• The NICE economic modelling study overcomes the issue of the short-time horizon inherent in the trial-based analyses. This study allowed for an estimate of the longer-term costs and benefits of PA, taking into account the effects on a number of long-term conditions that are known to be associated with physical inactivity. There are many weaknesses associated with the model although many of these result from an absence of evidence on the effectiveness of ERS (e.g. on the relationship between physical inactivity and long-term conditions, long-term effectiveness of interventions, adherence to interventions etc.). It should also be remembered that any economic model can only ever be a simplification of reality. In an area as complex as PA and behaviour change, and an area characterised by limitations in the evidence base, the need for simplification may be great, leading to a model that fails to meet many of the best-practice criteria.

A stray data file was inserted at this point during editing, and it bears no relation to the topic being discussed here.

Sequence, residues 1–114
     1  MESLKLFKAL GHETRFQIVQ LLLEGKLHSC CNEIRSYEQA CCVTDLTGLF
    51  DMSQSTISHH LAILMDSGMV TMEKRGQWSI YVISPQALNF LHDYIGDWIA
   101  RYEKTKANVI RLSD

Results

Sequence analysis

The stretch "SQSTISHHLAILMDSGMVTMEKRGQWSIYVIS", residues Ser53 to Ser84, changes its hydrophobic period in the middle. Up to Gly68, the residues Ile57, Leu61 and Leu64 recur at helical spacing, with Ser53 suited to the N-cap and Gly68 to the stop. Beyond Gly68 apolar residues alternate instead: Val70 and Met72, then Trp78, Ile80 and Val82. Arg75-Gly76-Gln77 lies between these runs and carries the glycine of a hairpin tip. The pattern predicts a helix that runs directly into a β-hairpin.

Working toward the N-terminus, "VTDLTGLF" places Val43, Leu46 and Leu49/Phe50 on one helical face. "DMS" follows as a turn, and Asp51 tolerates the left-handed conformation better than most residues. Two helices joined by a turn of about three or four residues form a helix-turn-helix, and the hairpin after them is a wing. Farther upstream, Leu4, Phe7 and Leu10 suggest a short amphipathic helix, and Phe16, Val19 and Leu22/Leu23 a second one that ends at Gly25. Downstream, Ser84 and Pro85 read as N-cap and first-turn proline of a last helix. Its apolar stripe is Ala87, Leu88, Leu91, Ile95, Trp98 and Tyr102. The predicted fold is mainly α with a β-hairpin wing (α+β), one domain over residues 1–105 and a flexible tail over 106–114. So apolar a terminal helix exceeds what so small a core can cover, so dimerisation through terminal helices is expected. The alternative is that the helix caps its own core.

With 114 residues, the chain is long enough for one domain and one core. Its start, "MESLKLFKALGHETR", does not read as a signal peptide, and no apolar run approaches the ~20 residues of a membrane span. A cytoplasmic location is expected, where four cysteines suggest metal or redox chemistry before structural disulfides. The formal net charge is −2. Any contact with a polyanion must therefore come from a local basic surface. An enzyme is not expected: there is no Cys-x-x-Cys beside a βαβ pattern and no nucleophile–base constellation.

• A further limitation of previous economic evaluations is their focus on a sedentary, but otherwise healthy population. Few of the studies explicitly consider whether or not ERS can contribute to improved outcomes in populations with underlying conditions (with the exception of Gusi et al.,70 which was conducted outside the UK).
  • In light of these findings, we decided to develop a de novo economic model to assess the cost-effectiveness of ERS. Our model builds on the principles of the NICE decision-analytic model, which includes some important further development of the methods and a more robust approach to the incorporation of ERS effectiveness evidence. The findings of this analysis are presented in Chapter 6.
© 2011, Crown Copyright.

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Bookshelf ID: NBK97781